Tutorial quote: In this tutorial-style article, Michael C. Barnes outlines a strategy to avoid costly upgrades from Windows 98 to Windows XP -- in terms of both hardware and software -- by upgrading to Linux, instead. Barnes reviews the typical requirements of computers used for relatively generic purposes, and shows how to give a new lease on life to aging laptops and PCs by replacing obsolete OSes such as Windows 98 with a combination of Linux, free open source applications, and inexpensive commercial software.
Fedora+Core Enhancing Apache with mod_security
Post date: April 12, 2005, 14:04 Category: Security Views: 93
Tutorial quote: Like probably quite a few of you, I run and admin some websites (some for fun, some for work), and as many of you surely do, some of these websites are mounted on a CMS. CMS are not the 8th wonder of the world, however some of them are pretty good, and they save you a lot of time by automating tons of tasks... however, as in every piece of code there exists, all of them are insecure and buggy (in fact, every piece of software is insecure and buggy to a degree)

So, searching for tools and ways to prevent people from breaking into my site without authorization, I began my search and found a great piece of software: mod_security for Apache.
Unix+clones Squeeze Your Gigabit NIC for Top Performance
Post date: June 24, 2005, 21:06 Category: Optimizing Views: 135
Tutorial quote: Many new workstations and servers are coming with integrated gigabit network cards, but quite a few people soon discover that they can't transfer data much faster than they did with 100 Mb/s network cards. Multiple factors can affect your ability to transfer at higher speeds, and most of them revolve around operating system settings. In this article we will discuss the necessary steps to make your new gigabit-enabled server obtain close to gigabit speeds in Linux, FreeBSD, and Windows.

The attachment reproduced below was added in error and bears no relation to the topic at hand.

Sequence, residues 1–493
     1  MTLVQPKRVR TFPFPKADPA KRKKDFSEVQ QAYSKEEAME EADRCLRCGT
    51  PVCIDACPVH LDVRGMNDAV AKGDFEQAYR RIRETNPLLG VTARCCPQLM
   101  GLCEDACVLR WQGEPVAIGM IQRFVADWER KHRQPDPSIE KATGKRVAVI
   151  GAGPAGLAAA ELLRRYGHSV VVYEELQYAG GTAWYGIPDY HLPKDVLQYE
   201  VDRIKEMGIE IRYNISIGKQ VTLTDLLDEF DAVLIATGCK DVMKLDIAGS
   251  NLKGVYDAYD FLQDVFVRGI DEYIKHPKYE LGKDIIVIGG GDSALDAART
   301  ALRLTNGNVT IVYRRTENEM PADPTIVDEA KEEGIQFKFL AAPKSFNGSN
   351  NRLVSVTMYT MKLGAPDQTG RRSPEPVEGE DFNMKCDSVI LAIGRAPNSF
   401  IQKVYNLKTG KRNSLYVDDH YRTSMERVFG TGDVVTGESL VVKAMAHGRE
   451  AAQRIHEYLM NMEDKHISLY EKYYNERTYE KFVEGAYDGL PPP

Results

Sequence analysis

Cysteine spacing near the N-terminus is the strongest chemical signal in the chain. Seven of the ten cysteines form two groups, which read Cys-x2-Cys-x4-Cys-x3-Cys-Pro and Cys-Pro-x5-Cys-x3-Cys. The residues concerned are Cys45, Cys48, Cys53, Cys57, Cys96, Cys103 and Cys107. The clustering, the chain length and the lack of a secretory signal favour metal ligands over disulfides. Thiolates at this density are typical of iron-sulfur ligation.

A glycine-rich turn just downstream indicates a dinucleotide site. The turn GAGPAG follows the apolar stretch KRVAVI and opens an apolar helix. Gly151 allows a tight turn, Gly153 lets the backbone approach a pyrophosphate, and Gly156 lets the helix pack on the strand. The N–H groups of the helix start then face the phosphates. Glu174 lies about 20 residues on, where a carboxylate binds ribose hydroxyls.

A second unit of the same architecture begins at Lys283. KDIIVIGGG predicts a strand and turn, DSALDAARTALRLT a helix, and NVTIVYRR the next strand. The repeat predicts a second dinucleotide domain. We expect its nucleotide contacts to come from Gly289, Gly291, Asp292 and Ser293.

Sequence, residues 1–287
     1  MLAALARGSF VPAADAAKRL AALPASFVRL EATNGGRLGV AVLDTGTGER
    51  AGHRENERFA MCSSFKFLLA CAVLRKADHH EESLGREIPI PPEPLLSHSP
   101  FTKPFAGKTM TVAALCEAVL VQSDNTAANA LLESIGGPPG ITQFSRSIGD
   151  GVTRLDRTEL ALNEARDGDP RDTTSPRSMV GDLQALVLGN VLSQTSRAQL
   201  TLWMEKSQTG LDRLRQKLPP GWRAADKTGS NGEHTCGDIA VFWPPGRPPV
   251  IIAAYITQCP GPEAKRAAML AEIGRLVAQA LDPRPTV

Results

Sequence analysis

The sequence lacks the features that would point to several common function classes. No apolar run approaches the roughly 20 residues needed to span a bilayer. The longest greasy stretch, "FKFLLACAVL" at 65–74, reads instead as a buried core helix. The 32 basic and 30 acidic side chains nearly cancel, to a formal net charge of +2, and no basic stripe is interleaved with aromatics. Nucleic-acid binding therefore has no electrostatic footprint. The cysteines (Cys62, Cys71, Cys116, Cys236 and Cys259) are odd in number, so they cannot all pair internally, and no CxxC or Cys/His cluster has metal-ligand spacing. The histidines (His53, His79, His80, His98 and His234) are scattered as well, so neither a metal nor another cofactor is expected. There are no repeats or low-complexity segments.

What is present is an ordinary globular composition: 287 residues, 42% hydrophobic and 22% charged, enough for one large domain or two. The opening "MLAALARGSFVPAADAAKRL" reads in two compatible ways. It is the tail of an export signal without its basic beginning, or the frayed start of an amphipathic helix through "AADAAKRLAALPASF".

FreeBSD Build your own gateway firewall
Post date: April 11, 2006, 17:04 Category: Miscellaneous Views: 24
Tutorial quote: Learn how to build your own gateway firewall using FreeBSD and old PC parts. The firewall will consist of the PF firewall, Snort IDS, various IPS applications, Squid proxy, and some intuitive web interfaces for auditing. The cost of this project should be between free and $200 depending on your resourcefulness. I built mine for free using spare parts that were stockpiled in personal storage and parts that the USMC was throwing away, but you can build one from used and/or new parts for dirt cheap.
Unix+clones The 'no-configuration, only-active-when-needed' SSH VPN
Post date: April 12, 2005, 23:04 Category: Network Views: 40
Tutorial quote: So, we started thinking about how we might set up a VPN between the application server and our internal software mirror. The only requirement is that the VPN be initiated from the "inside-out" and that the connection is only active for as long as we need to use. In other words, it would only be active during an administration session. Ideally, it wouldn't be a lot of work to setup and tear down either.

SSH to the rescue...

Fortunately, SSH client and server come with support for this out of the box, requiring no additional software to be installed, and no configuration changes. On the server side, sshd, the setting "AllowTcpForwarding" defaults to "yes" unless your sshd_config file explicitly disables it. On the client side, all you have to do is request the forwarding.